For Immediate Release
Date: March 8, 2016
Contact: John Unruh and Jessica Bogo at Chair@balif.org
Bay Area Lawyers for Individual Freedom (BALIF) Joins Bar Associations Around California and California State Bar President, David Pasternak to Call on President Obama and Senate to Fill Supreme Court Vacancy
San Francisco, CA – Today, Bay Area Lawyers for Individual Freedom (BALIF) joined bar associations from across the state of California to send a letter to President Barack Obama and Senate leaders urging them to heed their constitutional duty to fill the vacancy on the Supreme Court. The bar associations, representing over 30,000 lawyers throughout the state, called on the president to quickly nominate a qualified candidate to the Supreme Court, and for the Senate to consider that nominee without delay. In addition to BALIF, the signatories to the letter include the Los Angeles County Bar Association, the Alameda Country Bar Association, the Lake County Bar Association, the Yolo County Bar Association, and over a dozen other statewide and local bar associations. California State Bar President David Pasternak also signed on to the letter in his individual capacity.
Commenting on the decision to join forces with other bar associations in this effort, BALIF Co-Chair Jessica Bogo said, “BALIF stands with tens of thousands of California lawyers in calling on our nation’s elected officials to fulfill their constitutionally required duties to fill the vacancy on the Supreme Court.” BALIF is the nation's oldest and largest association of lesbian, gay, bisexual and transgender (LGBT) persons in the field of law. BALIF’s decision to join in the letter was taken after a vote of the members of its governing board on March 4, 2016.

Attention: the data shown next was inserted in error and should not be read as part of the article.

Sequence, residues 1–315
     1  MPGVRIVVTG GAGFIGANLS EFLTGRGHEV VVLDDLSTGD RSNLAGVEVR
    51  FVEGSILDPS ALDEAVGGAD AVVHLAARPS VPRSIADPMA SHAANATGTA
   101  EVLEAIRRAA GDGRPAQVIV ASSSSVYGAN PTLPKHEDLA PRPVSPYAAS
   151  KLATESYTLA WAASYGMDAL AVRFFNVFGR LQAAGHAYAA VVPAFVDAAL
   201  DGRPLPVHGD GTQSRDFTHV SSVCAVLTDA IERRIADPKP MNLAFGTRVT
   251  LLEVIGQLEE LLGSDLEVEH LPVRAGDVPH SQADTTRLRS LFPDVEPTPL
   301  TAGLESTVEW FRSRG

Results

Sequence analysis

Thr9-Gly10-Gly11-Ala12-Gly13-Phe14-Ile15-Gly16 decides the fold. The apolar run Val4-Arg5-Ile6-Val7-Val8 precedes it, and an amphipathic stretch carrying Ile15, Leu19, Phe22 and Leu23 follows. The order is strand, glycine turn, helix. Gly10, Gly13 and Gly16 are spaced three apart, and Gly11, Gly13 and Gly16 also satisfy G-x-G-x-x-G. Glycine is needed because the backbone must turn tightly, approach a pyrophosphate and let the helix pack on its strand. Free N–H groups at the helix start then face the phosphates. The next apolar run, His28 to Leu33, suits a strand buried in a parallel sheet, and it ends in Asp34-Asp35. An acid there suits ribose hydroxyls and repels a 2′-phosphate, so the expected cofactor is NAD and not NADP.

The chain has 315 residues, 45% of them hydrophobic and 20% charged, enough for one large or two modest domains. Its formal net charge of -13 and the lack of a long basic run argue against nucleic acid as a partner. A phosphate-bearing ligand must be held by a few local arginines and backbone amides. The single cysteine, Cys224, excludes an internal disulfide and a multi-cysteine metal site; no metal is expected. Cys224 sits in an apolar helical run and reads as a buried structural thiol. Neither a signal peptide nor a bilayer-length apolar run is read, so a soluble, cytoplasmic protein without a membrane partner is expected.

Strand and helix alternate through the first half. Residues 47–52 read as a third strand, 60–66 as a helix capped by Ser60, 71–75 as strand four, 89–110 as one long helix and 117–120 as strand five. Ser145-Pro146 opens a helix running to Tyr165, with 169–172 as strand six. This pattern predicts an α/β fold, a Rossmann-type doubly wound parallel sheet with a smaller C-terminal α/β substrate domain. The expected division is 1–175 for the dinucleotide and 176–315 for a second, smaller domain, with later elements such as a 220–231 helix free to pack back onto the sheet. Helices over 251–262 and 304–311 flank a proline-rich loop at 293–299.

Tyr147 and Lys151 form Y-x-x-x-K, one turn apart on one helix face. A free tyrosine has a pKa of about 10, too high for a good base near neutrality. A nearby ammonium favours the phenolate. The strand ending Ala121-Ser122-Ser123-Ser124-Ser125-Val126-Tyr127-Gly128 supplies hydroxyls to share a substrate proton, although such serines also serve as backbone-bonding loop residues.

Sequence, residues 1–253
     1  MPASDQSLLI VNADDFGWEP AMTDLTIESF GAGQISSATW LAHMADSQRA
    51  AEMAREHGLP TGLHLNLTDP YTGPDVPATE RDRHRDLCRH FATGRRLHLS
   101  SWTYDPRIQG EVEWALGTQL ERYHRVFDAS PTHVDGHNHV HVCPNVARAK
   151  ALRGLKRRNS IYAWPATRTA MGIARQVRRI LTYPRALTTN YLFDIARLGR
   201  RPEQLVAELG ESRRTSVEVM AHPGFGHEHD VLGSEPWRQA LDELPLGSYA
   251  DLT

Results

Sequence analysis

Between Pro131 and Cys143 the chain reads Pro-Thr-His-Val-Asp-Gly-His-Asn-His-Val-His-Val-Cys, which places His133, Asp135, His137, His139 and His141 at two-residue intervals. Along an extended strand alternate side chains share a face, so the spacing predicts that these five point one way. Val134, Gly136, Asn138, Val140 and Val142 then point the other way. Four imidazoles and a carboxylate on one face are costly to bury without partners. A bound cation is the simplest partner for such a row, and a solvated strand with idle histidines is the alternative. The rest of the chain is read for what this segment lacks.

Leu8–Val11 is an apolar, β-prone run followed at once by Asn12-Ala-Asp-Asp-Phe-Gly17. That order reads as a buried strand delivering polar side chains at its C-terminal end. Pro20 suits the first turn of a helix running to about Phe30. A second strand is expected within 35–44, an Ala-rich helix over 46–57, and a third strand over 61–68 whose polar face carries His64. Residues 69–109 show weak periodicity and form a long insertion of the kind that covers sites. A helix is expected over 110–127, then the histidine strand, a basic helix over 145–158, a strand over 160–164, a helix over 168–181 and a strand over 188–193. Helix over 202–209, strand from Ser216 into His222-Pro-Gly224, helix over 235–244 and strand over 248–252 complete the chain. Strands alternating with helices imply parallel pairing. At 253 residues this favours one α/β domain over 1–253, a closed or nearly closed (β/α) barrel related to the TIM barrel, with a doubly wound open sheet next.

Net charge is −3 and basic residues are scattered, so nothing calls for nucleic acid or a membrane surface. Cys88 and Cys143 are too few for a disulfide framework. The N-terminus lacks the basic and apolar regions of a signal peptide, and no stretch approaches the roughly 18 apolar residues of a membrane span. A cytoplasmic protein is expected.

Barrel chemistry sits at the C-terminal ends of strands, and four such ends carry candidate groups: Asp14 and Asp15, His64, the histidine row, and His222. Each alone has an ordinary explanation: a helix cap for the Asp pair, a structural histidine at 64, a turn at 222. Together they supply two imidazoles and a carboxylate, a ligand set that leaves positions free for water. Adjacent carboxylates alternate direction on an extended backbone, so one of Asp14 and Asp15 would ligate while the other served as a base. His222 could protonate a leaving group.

In addressing the possibility that the nomination and confirmation process might be thwarted, the letter warns that “[t]he implications of this course of action would be significant, subjecting people in different regions of the country to different legal standards on matters of constitutional importance and leaving open the specter of an unresolved constitutional crisis.”
The letter goes on to explain that “the framers placed in the hands of the executive and legislative branches of our government a duty to ensure that the third pillar of our democracy, our courts, would be protected from entanglement in partisan politics.” “While careful evaluation and reasoned debate regarding the qualifications of the nominee are central to the Senate’s role to advise and consent, it would undermine the rule of law and risk nullifying the Supreme Court’s power to serve its constitutional role as arbiter of disputes, were the confirmation process to be delayed until a new president is inaugurated.”
With the issuance of this letter, bar associations representing the two most populous cities in the United States, New York and Los Angeles, have now called on the Senate to consider a nominee to the Supreme Court without delay. The California letter comes on the heels of similar calls by the New York State and New York City Bars respectfully requesting the Senate to reconsider its refusal to consider a nominee put forward by the president. Constitutional law scholars at universities around the country have also weighed in via a joint statement, pointing out that the Constitution “has no exception for election years.”
The letter signed by the California bar associations ends, “We ask that you carry out your constitutionally prescribed roles with full fealty to the oaths you have taken so that our Supreme Court is returned to its full membership.”